Digging the Trenches: The Archaeology of the Western Front is a book about the First World War 1914-1918, or rather, the Western Front 1914-1918, from the perspective of its material remains. Thus it could be read as a presentation of the war, although the perspective is slightly diffrent from other WW1-books. This is also the only of these four books were the Western Front archaeology is critically discussed in some depth. That is important! They discuss the crucial questions about why archaeologists should be doing this. They say that "a wealth of new knowledge about the war can be gained by digging" and that "the whole pursuit of Great War archaeology has as its goal an effort to reach past the simple memorialisation of the war and try to present the experience of it". They mean that it make us come "closer to the real character of the conflict" (pp. 16-17, 34). Also interesting is that they present the nature of battlefield archaeology at the Western Front; i.e. preservation, taphonomy, deposition, stratigraphy and safety.
Nicholas J. Saunders, Killing Time: Archaeology and the First World War, hardcover, illustrated, 256 pages, The History Press Ltd. (Sutton Publishing) (2007)
Killing Time by the British anthropologist Nicholas J. Saunders (Lecturer in Material Culture, and British Academy Senior Research Fellow in the Department of Anthropology, University College London) is the first monograph* ever to cover the progress of professional historical archaeology along the former Western Front. Saunders' approach is the anthropologist's rather than the historian's or the archaeologist's, and the material remains of the First World War, preserved both archaeologically and as antiques, are regarded as objects representing a material culture of the time and place. Although Saunders' approach as well as the book's reference system is scholarly, the book is a great overview (including bibliography) of the professional archaeology of the First World War not only for scholars and students.
Frédéric Adam, Alain-Fournier et ses compagnons d'arme: Une archéologie de la Grande-Guerre, la dernière journée, soft back, illustrated, 219 pages, Editions Serpenoise (2006)
Frédéric Adam is the French archaeologist at l’Institut National de Recherches Archéologiques Préventives (INRAP), who supervised the spectacular first professional archaeological excavation of First World War remains back in 1991. Focus of the investigation was the physical remains of the author Alain-Fournier, who had been buried in a massgrave among 20 other French soldiers and officers, killed close to Les Éparges in September 1914. However, due to French military confidentiality regulations, Adam could not make all results of the excavations public until many years afterwards. Alain-Fournier et ses compagnons d'arme is written, illustrated and disposed exactly like a traditional archaeological report, including a 40 pages illustrated finding list etc, making the book a fascinating experiment in how to deal with and make public the results of archaeological excavations of historical remains. The book was awared the "Prix de l'Académie nationale de Metz" in 2006. (Notice that this book has been mentioned at this blog before!)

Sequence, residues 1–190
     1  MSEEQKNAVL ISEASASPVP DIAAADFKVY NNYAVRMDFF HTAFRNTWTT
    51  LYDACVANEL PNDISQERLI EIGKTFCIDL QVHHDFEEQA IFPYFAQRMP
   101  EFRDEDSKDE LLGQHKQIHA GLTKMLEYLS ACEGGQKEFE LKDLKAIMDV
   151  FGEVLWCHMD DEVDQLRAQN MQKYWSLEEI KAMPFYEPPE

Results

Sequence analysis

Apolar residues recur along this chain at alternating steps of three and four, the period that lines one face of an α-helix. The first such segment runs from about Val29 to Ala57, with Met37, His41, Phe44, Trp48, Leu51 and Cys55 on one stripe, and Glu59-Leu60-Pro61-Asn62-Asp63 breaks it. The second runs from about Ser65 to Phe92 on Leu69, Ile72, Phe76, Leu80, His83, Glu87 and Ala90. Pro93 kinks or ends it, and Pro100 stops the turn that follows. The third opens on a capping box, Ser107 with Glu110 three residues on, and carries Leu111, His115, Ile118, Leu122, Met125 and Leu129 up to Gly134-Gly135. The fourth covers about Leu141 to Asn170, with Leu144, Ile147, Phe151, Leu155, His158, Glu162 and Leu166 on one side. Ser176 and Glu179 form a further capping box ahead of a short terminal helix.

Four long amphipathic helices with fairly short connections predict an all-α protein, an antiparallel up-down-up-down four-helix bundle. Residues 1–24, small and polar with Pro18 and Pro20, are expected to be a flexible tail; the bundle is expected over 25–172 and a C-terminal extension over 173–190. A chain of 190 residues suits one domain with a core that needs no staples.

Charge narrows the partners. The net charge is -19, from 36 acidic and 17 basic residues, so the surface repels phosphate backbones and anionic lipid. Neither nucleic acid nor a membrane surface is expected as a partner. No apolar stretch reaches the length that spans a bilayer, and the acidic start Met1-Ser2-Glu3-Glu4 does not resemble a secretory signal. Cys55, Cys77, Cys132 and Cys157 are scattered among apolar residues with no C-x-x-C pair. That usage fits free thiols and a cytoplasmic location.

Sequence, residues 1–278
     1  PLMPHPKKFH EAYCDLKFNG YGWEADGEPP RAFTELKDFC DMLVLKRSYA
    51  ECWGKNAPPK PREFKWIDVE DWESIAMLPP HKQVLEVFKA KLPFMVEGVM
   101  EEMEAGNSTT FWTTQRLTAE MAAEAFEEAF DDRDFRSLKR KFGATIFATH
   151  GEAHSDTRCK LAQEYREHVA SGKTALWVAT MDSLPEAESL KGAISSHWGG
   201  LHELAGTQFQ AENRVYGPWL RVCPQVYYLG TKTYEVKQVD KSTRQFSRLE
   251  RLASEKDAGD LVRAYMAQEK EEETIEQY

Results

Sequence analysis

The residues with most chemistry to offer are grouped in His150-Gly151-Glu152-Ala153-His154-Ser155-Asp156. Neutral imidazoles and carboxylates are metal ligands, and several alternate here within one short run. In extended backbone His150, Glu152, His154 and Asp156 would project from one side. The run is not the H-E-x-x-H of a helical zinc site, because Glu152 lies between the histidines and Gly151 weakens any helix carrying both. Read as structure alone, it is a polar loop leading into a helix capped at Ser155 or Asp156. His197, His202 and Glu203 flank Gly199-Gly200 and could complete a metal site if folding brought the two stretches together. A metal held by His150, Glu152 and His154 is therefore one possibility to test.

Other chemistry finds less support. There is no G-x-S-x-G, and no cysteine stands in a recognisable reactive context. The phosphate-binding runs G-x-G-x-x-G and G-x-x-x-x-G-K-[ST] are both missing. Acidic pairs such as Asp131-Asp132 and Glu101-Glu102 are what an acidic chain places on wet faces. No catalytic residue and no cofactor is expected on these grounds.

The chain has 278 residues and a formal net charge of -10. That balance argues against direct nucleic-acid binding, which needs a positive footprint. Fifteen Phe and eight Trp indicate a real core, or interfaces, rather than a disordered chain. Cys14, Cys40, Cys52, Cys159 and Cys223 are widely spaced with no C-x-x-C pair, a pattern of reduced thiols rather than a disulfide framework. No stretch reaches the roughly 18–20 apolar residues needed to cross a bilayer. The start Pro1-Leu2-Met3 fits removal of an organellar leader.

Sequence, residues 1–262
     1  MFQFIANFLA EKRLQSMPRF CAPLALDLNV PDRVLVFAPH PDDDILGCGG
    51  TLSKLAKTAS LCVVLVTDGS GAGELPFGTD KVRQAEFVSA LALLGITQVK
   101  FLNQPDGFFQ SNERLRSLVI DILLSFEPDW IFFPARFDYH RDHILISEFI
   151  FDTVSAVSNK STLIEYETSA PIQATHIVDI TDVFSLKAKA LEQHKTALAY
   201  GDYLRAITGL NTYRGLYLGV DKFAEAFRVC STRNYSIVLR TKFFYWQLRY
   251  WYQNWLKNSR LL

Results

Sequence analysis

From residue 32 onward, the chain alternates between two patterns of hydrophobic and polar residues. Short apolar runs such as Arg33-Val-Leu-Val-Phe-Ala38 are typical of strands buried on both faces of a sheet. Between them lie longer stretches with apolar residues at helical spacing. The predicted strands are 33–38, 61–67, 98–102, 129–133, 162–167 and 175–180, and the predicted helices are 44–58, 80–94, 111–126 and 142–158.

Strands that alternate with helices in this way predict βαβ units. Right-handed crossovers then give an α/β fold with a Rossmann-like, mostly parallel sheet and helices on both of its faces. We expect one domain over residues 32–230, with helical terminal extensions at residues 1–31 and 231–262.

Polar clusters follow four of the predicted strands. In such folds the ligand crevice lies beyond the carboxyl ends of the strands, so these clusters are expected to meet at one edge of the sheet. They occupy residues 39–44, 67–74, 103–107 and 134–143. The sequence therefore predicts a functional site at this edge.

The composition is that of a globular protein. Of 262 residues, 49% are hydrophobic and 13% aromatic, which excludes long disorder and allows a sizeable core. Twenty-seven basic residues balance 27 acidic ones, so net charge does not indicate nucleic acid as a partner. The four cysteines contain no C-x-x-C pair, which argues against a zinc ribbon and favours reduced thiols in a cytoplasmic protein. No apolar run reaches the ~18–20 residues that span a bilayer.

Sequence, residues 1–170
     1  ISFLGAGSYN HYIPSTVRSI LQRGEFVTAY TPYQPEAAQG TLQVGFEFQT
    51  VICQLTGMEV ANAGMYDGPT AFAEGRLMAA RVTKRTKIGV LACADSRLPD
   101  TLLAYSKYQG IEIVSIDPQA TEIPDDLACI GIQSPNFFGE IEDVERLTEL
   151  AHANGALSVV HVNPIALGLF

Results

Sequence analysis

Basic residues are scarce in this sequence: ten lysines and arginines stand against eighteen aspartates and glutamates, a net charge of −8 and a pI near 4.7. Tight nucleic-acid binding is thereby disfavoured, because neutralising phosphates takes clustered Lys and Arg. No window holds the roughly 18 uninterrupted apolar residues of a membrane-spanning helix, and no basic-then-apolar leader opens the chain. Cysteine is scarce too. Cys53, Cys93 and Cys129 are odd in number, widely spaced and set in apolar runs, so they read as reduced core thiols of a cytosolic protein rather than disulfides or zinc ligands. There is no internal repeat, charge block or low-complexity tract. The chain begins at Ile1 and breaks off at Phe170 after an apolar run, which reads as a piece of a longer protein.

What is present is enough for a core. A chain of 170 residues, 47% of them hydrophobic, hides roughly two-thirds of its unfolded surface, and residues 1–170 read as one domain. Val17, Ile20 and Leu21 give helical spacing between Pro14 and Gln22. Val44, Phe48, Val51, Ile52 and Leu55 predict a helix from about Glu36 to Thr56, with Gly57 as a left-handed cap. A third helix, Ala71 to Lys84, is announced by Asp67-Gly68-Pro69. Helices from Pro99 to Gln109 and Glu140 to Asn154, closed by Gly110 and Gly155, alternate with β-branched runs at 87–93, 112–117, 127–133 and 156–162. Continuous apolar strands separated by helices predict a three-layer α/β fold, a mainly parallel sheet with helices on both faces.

These four books complement each other. To get an overview of the development and progress of the archaeology of Great War you need Killing Time, to get a picture of it, you need L'Archéologie de la Grande Guerre. To get deeper in to the archaeological process of this particular archaeology you need Alain-Fournier et ses compagnons d'arme and Digging the Trenches. Thus now finally most of the professional archaeology carried out in France the last 20 years is published! What we are waiting for is now a major publication covering the Belgian work carried out by their Belgian collegaues in A.W.A. during the archaeological survey of the A19 Project back in 2003 - although there are a few smaller publications and reports covering this project.
* For an early anthology about the progress of Western Front archaeology, see for example Nicholas J. Saunders' Matters of Conflict: Material Culture, Memory and the First World War from 2004.
Footnote to this posting: "In August 2000, [...] Nils Fabiansson launched a website called "The Archaeology of the Western Front 1914-1918" which was to last until August 2005. For these critical five years in the development of Great War archaeology, Fabiansson chronicled almost every activity that took place, and the website played a central role in bringing together and informing everyone concerned with excavating Great War sites." (Nicholas J. Saunders, Killing Time: Archaeology and the First World War, pp. 12, 31.)